(2) In making space, even inadequate space, for itself, the Art Department has had to take space that once belonged to and is very much needed by the Mulvane, which is the principle subject of the next section.

B. Mulvane Facilities Issues

The spaces directly upstairs and downstairs from the current Mulvane galleries were once part of the Museum. As mentioned above, these spaces have been converted to studios for drawing, painting, sculpture and ceramics for the Art Department. This creates serious problems for the Mulvane.

First, the gallery space on the first floor is sufficient to support touring art shows, and the Mulvane holds 6-7 exhibits each year, including student and faculty art shows. However, this leaves no place to display items in the Mulvane's permanent collection. Thus, this collection sits in storage, unable to be viewed and appreciated.

The current gallery space suffers from a couple of other shortcomings as well. The most used entrance to the galleries is from the Garvey side, which creates climate control and security problems. The gift shop and the kitchen are crammed in this first floor area as well.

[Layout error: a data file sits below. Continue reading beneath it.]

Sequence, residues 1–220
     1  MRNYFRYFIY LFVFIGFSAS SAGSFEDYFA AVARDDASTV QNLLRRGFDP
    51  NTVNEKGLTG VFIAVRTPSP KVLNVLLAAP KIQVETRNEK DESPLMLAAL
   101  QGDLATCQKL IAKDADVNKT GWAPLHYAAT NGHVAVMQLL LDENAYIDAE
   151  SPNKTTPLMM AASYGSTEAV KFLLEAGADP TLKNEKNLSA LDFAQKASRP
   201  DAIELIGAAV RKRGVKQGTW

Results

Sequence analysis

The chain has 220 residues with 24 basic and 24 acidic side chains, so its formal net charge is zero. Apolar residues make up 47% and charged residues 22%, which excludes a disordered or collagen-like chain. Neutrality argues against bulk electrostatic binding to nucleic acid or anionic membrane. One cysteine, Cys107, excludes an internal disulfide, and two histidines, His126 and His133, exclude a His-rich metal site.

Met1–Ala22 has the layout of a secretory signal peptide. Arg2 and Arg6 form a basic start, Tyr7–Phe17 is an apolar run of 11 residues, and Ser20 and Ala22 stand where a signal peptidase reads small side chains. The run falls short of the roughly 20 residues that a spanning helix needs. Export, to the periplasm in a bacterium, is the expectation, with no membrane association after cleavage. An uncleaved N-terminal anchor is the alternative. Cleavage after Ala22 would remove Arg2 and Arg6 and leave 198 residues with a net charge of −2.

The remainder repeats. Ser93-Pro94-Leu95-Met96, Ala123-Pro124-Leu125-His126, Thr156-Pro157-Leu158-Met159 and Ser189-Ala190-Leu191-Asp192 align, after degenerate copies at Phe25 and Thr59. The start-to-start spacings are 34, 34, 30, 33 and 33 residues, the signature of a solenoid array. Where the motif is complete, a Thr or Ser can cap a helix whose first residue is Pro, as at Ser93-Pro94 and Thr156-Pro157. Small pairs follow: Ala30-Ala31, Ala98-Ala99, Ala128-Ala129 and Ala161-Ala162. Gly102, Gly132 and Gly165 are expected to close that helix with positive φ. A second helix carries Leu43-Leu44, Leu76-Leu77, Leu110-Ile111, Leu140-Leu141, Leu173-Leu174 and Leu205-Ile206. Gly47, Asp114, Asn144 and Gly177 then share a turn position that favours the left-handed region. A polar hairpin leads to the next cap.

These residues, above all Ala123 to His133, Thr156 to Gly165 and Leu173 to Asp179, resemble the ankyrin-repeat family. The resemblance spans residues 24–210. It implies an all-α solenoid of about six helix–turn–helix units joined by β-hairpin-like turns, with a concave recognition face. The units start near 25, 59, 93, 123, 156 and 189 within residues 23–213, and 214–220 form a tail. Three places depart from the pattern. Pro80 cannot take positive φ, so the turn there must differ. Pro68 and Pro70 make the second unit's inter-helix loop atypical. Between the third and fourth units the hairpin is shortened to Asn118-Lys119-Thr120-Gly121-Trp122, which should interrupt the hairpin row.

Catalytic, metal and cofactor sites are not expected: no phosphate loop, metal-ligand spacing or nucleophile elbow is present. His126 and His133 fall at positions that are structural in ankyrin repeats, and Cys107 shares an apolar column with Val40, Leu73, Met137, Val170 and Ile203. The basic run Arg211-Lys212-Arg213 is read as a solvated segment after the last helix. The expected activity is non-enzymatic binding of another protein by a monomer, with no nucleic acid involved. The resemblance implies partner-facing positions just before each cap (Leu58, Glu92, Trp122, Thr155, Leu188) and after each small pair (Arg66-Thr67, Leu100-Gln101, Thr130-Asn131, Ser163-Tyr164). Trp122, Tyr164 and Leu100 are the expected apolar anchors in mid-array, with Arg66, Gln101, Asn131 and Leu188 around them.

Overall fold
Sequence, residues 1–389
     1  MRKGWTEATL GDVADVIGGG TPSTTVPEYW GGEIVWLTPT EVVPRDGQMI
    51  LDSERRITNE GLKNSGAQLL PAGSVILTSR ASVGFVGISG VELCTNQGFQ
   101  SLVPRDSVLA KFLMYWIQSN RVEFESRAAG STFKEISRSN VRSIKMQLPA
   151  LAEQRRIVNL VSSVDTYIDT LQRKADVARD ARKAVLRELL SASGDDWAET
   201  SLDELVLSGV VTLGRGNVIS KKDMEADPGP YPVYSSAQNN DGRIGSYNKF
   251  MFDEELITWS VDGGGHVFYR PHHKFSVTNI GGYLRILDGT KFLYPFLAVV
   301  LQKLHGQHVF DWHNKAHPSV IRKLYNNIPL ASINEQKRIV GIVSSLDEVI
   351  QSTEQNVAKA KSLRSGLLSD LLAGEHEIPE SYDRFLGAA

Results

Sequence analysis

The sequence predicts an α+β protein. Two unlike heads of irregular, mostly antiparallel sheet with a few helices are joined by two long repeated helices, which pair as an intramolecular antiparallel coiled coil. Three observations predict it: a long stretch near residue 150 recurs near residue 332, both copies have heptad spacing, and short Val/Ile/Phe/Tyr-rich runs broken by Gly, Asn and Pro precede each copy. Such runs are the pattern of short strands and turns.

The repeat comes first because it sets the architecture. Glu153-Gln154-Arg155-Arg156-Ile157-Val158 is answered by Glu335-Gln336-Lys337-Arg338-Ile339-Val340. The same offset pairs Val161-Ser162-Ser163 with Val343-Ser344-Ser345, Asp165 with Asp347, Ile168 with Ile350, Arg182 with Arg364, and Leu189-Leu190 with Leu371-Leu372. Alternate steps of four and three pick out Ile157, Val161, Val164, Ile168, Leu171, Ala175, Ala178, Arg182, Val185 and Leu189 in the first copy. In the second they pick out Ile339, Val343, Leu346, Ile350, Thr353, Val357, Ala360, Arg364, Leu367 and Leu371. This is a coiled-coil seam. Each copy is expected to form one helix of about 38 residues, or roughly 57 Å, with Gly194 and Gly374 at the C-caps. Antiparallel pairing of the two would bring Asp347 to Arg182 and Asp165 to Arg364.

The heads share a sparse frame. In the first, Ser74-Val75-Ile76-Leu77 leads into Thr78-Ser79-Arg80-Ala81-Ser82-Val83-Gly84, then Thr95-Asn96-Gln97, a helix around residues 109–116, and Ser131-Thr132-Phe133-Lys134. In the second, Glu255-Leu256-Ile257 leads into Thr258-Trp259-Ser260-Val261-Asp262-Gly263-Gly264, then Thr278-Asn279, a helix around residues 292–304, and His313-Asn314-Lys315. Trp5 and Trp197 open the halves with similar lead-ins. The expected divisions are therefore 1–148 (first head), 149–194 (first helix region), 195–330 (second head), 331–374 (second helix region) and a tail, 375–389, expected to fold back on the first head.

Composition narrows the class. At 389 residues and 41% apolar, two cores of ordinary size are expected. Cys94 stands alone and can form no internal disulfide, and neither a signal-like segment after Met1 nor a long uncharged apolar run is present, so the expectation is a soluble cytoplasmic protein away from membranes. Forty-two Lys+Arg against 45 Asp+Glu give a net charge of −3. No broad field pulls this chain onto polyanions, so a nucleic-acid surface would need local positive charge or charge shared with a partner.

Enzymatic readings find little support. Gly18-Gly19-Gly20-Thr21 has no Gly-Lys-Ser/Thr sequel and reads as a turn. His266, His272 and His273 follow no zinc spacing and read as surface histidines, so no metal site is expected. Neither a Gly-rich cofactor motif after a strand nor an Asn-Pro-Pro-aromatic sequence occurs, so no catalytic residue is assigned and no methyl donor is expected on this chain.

Storage is a substantial problem for the Mulvane. As already mentioned, virtually all of the permanent collection must be stored, and appropriate climate controlled storage for the collection is already full. Space for preparation and conservation is very minimal. The loading dock is too small, and there is inadequate access and maneuvering space for delivery trucks. This long-time problem has been exacerbated by the Living Learning Center construction.